Our custom CAAction object, MyAction, doesn’t do anything very interesting — but it could. That’s the point. As the code demonstrates, we have access to the name of the animated property (event), the old value of that property (from the layer’s presentation layer), and the new value of that property (from the layer itself). We are thus free to configure the animation in all sorts of ways. In fact, we can add more than one animation to the layer, or a group animation. We don’t even have to add an animation to the layer! We are free to interpret the setting of this property in any way we like.

Here’s a modification of our MyAction object that creates and runs a keyframe animation that “waggles” as it goes from the start value to the end value:

class MyWagglePositionAction : NSObject, CAAction {
    func runActionForKey(event: String, object anObject: AnyObject,
        arguments dict: [NSObject : AnyObject]?) {
            let lay = anObject as! CALayer
            let newP = (lay.valueForKey(event) as! NSValue).CGPointValue()
            let oldP = ((lay.presentationLayer() as! CALayer)
                .valueForKey(event) as! NSValue).CGPointValue()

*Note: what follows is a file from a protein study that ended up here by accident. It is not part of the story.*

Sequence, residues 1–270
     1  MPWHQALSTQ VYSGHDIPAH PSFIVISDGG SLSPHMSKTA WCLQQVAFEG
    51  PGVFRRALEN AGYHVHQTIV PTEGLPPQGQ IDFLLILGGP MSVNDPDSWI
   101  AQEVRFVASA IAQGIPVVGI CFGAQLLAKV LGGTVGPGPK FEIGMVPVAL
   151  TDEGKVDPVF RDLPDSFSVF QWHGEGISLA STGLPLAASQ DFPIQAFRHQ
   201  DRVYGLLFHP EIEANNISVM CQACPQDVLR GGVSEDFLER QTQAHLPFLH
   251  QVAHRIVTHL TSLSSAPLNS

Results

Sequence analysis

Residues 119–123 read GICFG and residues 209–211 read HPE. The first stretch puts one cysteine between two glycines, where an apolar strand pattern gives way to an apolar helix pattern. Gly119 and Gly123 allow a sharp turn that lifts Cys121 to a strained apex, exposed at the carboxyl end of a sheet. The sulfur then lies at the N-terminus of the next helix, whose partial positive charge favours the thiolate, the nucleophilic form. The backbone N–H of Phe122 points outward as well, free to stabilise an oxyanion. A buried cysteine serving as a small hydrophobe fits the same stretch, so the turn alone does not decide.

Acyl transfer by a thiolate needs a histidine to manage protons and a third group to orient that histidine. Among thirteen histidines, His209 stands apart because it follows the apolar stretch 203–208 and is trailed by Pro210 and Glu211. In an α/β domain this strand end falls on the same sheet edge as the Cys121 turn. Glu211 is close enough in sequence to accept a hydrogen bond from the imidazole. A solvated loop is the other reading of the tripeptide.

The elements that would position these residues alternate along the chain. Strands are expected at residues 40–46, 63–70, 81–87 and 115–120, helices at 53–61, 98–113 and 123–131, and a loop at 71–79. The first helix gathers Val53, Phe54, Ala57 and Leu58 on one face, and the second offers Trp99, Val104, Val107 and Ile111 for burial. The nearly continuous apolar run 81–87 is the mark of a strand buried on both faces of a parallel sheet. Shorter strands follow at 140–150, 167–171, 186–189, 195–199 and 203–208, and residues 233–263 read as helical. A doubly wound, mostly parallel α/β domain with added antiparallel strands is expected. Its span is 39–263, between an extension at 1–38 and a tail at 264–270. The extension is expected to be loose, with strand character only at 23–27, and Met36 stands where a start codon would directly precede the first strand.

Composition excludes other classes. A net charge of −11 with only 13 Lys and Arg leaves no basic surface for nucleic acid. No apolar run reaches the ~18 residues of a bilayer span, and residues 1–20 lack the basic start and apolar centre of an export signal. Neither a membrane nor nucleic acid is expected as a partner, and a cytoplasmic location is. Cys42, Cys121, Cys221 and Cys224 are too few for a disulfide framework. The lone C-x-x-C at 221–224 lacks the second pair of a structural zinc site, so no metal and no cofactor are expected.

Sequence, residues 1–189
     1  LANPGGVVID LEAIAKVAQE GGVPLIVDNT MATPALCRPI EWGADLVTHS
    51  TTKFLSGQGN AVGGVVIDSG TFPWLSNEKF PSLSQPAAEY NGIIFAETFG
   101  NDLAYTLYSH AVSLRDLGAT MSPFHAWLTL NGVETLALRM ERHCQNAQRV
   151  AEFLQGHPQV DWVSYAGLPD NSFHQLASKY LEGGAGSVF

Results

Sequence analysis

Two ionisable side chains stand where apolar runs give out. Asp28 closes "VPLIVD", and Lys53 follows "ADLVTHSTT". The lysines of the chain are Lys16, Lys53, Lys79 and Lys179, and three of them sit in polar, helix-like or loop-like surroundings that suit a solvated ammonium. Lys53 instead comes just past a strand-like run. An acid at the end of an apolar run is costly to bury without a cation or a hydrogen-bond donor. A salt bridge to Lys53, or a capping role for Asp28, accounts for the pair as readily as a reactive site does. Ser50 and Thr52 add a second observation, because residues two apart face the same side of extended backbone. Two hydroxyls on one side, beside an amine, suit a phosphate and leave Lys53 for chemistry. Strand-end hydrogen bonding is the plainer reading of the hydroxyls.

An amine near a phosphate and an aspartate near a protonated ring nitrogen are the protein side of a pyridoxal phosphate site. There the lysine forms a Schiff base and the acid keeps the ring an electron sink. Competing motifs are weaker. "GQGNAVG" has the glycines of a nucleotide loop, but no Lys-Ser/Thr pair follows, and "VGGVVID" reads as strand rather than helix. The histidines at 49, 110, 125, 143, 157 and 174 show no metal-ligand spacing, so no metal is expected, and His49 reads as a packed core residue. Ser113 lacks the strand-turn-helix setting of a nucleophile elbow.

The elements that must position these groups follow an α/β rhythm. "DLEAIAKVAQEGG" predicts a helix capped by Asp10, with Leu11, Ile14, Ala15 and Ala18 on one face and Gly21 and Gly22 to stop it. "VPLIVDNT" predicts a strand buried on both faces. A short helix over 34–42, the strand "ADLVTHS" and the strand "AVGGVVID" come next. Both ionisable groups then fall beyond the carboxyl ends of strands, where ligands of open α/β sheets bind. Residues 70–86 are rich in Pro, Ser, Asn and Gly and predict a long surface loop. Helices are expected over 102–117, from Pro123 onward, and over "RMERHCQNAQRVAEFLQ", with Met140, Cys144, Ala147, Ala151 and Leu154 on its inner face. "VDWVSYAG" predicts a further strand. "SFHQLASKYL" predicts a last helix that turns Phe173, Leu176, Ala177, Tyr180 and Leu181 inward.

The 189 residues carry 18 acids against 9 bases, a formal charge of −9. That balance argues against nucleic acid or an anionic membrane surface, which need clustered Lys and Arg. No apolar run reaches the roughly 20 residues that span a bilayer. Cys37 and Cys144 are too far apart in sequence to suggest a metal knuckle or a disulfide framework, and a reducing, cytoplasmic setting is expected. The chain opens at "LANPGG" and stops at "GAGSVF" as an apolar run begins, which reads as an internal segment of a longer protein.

let d = sqrt(pow(oldP.x - newP.x, 2) + pow(oldP.y - newP.y, 2))
            let r = Double(d/3.0)
            let theta = Double(atan2(newP.y - oldP.y, newP.x - oldP.x))
            let wag = 10*M_PI/180.0
            let p1 = CGPointMake(
                oldP.x + CGFloat(r*cos(theta+wag)),
                oldP.y + CGFloat(r*sin(theta+wag)))
            let p2 = CGPointMake(
                oldP.x + CGFloat(r*2*cos(theta-wag)),
                oldP.y + CGFloat(r*2*sin(theta-wag)))
            let anim = CAKeyframeAnimation(keyPath: event)
            anim.values = [oldP,p1,p2,newP].map{NSValue(CGPoint:$0)}
            anim.calculationMode = kCAAnimationCubic
            lay.addAnimation(anim, forKey:nil)

By adding this CAAction object to a layer’s actions dictionary under the "position" key, we have created a CALayer that waggles when its position is set. Our CAAction doesn’t set the animation’s duration, so our own call to CATransaction’s setAnimationDuration: works. The power of this mechanism is simply staggering. We can modify any layer in this way — even one that doesn’t belong to us.

Instead of modifying the layer’s actions dictionary, we could hook into the action search by setting the layer’s delegate to an instance that responds to actionForLayer:forKey:. This has the advantage of serving as a single locus that can do different things depending on what the layer is and what the key is. Here’s an implementation that does exactly what the actions dictionary did — it returns an instance of our custom CAAction object, so that setting the layer’s position waggles it into place:

override func actionForLayer(layer: CALayer,
    forKey key: String) -> CAAction? {
        if key == "position" {
            return MyWagglePositionAction()
        return nil

Finally, I’ll demonstrate overriding defaultActionForKey:. This code would go into a CALayer subclass; setting this layer’s contents will automatically trigger a push transition from the left:

override class func defaultActionForKey(key: String) -> CAAction? {